Is the SAT Important?


Avery Scott-Fudge, Features Writer

At 7:30 in the morning, on Wednesday, April 13,  junior students will find their way into their assigned classroom to take the Student Aptitude Test, also known as the SAT. 

This test can help determine a student’s future in both scholarships and, in some cases, college applications. This test is a significant factor in some schools for determining whether or not a college admissions officer would accept a student. 

It is for these reasons that it is critical to study in order to earn a good score. Doing so can unlock many opportunities for students, and everyone wants scholarship money to attend college, and one way to earn that is to score well. 

The SAT is unique because it is scored on a scale from 0-1600 and is based on sections and the number of questions answered correctly. It is a multiple-choice test with just ten questions that are not multiple-choice and are instead gridded in. 

A “good” score can be considered anything above an 1100, and 1600 is nearly impossible to achieve, with less than one percent every year earning that score.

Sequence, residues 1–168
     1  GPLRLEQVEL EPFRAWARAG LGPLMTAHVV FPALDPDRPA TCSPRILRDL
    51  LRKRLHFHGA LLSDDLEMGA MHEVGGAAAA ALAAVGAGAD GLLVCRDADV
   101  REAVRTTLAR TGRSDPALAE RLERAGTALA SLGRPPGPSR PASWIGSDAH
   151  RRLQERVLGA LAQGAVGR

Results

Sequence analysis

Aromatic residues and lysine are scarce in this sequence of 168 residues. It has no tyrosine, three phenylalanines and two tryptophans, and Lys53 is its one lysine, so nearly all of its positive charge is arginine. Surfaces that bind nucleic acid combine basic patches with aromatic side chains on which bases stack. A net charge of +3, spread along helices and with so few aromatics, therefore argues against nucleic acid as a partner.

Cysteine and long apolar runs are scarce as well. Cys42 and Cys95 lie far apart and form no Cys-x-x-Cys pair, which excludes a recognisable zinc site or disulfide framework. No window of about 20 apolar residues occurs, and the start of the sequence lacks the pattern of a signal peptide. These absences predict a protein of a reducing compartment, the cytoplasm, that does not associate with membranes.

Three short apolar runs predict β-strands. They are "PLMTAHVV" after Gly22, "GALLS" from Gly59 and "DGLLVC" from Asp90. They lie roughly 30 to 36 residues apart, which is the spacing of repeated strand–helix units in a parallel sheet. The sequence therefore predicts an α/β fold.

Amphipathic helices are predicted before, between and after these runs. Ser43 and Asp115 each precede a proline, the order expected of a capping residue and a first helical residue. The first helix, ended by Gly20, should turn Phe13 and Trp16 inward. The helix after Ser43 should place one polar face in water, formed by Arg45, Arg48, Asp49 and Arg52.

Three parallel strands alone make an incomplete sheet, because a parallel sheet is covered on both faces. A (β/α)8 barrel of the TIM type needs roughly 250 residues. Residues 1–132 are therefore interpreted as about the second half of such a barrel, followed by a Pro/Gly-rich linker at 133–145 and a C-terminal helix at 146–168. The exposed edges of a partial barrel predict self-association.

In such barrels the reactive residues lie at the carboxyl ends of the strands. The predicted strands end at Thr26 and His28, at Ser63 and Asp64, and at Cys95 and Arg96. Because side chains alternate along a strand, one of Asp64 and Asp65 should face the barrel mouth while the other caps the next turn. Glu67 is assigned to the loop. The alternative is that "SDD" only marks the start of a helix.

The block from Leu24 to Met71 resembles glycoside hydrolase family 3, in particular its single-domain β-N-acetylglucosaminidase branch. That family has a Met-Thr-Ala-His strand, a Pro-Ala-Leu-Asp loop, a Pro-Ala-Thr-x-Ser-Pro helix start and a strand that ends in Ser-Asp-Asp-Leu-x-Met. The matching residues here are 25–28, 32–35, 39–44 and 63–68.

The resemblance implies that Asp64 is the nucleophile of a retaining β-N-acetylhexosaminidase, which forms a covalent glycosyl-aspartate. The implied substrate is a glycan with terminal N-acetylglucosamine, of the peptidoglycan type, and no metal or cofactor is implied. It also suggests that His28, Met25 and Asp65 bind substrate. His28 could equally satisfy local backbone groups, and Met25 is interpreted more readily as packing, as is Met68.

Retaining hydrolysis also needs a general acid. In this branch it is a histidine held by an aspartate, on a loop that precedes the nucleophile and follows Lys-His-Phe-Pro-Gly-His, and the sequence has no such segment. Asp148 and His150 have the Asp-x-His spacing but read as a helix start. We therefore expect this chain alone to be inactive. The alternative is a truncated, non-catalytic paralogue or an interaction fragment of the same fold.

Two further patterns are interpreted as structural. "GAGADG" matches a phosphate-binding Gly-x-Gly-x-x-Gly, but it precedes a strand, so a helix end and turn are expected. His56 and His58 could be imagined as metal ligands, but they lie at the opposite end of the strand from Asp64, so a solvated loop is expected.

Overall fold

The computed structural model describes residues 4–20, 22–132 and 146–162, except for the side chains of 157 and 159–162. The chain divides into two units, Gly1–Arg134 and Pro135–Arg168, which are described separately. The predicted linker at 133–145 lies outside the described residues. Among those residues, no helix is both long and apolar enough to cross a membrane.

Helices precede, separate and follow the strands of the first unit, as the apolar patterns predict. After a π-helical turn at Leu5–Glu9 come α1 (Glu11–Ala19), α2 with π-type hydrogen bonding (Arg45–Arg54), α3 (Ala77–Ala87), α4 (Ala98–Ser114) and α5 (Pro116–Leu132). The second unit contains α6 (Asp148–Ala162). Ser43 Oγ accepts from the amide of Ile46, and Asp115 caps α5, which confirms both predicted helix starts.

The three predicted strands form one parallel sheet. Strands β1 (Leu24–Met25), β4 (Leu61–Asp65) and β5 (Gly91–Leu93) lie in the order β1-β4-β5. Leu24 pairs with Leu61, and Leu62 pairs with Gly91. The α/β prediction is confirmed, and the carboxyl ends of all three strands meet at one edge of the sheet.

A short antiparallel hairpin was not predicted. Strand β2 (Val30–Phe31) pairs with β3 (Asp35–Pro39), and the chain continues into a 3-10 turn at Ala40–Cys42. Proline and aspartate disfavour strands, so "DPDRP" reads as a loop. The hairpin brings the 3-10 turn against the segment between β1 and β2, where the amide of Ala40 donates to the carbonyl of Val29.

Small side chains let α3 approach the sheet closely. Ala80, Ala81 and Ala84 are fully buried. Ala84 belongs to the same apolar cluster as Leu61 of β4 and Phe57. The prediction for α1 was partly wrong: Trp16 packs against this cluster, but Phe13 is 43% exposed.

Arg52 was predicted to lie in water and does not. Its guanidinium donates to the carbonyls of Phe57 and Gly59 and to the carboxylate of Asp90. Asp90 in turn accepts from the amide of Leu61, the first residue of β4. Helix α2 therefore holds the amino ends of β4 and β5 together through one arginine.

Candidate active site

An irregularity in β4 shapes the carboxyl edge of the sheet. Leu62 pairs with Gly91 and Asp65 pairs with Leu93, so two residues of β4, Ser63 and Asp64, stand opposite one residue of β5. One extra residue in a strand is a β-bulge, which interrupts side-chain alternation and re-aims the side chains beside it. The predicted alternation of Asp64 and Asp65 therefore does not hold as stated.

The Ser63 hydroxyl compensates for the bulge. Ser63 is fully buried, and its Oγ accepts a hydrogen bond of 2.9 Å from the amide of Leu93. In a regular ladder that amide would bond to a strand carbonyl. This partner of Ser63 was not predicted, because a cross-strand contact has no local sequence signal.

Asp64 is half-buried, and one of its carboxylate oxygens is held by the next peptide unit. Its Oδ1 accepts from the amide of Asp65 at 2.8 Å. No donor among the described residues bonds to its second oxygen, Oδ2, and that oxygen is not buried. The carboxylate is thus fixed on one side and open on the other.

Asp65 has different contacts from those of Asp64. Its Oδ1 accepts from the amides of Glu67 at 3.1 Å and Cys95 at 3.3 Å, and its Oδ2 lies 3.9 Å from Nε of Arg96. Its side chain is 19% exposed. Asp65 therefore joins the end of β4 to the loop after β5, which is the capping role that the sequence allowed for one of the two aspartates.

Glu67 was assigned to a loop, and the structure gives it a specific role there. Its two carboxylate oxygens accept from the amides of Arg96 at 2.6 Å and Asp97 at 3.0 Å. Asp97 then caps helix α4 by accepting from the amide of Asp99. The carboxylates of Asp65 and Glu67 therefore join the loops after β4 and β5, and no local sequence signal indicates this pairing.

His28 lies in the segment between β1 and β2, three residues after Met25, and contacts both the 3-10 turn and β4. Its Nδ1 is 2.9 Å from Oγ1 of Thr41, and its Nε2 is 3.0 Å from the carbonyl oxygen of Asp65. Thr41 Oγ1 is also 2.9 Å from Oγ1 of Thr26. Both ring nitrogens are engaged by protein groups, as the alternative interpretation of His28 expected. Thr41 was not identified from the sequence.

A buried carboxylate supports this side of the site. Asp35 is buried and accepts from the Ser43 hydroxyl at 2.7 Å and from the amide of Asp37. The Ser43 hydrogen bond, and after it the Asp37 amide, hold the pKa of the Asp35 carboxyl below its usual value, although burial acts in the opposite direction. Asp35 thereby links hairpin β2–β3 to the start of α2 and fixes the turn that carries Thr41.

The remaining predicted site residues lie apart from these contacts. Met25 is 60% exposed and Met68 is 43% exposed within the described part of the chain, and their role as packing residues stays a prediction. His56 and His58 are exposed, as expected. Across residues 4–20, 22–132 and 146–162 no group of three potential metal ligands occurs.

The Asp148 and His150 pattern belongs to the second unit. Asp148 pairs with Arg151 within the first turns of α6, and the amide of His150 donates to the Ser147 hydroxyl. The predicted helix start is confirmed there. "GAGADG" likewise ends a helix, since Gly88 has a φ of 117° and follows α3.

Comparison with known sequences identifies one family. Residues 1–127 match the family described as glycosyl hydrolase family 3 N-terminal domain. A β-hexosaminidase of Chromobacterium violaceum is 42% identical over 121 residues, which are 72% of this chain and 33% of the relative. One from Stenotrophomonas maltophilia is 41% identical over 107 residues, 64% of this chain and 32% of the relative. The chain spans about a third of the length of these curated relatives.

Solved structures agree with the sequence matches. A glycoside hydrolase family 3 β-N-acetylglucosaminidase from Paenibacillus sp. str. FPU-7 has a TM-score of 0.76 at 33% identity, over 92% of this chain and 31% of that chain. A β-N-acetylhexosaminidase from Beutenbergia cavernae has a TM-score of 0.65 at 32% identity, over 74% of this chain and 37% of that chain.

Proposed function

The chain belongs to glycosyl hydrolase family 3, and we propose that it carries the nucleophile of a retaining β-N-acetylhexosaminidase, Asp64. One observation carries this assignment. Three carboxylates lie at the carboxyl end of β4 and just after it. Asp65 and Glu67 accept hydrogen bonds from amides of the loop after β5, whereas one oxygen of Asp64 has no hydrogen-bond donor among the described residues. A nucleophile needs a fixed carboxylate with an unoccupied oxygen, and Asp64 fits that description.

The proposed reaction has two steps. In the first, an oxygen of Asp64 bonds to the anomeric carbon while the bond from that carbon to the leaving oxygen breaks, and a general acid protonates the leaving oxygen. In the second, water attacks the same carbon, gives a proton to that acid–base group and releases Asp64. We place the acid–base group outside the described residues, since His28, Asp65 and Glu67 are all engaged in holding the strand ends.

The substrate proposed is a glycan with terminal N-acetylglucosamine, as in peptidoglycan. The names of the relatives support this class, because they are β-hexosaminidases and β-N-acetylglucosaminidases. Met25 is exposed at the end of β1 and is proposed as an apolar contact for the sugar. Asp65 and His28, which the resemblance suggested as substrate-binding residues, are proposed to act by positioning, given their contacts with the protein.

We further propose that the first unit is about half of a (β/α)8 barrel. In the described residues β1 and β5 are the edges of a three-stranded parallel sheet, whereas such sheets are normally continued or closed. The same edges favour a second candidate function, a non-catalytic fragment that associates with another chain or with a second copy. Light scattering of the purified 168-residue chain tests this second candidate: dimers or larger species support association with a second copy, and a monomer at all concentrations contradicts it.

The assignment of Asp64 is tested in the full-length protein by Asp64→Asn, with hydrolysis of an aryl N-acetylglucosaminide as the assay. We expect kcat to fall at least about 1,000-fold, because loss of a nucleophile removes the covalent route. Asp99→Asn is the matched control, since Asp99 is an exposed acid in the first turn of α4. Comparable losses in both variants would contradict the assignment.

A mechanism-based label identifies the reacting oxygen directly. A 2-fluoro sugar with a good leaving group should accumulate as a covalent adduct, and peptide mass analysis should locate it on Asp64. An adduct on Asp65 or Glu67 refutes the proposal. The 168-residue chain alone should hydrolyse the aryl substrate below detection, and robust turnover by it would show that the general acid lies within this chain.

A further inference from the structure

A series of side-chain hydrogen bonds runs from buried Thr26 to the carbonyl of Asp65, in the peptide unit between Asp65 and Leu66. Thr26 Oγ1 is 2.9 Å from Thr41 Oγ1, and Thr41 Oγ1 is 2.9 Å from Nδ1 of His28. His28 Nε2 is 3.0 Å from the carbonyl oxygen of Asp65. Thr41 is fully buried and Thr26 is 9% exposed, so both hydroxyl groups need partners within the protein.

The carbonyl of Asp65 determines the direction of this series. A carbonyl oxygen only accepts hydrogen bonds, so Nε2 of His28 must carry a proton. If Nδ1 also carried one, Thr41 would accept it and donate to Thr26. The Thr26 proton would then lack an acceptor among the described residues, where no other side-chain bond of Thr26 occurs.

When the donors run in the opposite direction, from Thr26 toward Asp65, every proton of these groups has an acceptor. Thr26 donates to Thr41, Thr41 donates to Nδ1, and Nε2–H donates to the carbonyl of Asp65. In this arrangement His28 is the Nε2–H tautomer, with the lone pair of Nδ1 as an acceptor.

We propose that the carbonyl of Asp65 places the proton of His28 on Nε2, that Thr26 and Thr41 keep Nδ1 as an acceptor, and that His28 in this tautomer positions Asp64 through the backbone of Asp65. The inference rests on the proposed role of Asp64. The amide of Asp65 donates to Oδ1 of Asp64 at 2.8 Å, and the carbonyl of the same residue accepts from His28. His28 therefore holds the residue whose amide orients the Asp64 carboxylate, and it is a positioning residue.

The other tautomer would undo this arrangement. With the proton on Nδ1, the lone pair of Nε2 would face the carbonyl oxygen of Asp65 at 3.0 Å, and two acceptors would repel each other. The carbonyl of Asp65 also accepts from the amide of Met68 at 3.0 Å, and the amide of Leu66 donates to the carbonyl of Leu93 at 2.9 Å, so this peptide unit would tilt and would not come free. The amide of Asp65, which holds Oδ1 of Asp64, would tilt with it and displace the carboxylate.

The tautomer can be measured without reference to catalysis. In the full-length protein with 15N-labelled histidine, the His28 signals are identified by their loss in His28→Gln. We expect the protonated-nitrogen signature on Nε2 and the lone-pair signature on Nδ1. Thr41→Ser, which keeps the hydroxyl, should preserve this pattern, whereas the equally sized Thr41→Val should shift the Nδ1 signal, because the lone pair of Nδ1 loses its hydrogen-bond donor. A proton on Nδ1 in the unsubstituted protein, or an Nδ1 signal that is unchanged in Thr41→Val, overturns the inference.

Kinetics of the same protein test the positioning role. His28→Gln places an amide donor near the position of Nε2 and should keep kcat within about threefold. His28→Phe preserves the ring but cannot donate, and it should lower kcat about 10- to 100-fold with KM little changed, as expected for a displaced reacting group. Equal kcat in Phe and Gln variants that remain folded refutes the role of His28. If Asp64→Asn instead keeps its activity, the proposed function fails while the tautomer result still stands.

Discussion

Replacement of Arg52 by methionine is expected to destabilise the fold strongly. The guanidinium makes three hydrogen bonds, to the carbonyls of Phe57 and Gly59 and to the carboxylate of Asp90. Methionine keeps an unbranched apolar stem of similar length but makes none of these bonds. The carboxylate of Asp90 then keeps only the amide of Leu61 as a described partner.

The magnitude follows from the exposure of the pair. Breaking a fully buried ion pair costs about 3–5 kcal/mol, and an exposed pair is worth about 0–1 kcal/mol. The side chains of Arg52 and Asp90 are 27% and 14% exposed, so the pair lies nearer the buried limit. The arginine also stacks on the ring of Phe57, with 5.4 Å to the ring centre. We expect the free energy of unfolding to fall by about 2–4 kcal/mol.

The SAT automatically gives 400 free points for signing your name, so a score less than 400 is not possible. 

With all these factors considered, SAT studying and preparation are critical to future success. 

Luckily, Lakeland has teachers that care about students’ successes, and they take essential class time and devote it to SAT prep. 

One such teacher is Shannon Mattila, who teaches junior math at both college and high school levels. 

When asked why she does this, she said, “I found in the past that most students do not study for the SAT on their own time, so I use time during class because I think it is important.”

It is not a requirement for teachers to do so, and they can choose what areas they review. 

“I focus on areas that students have been weak by doing a targeted review over that material, and then I focus on test strategies and practicing getting through the test in an efficient way,” Mattila said. 

Such review is critical, especially for students that cannot find the time to study on their own, both to learn new concepts on the SAT and learn how to take the test as well.

The SAT covers material taught as early as freshman year and, for some, going back to concepts learned in eighth grade. 

That is why review is important to reinforce these concepts and make sure students are prepared for such a comprehensive exam. 

Students can expect their scores to be returned to them in a time range of 2-4 weeks, but most likely three weeks, since the exam is taken at school. 

However, one should wonder why an exam requires a student to remember everything learned in high school. 

The question should be asked, is the SAT actually valuable?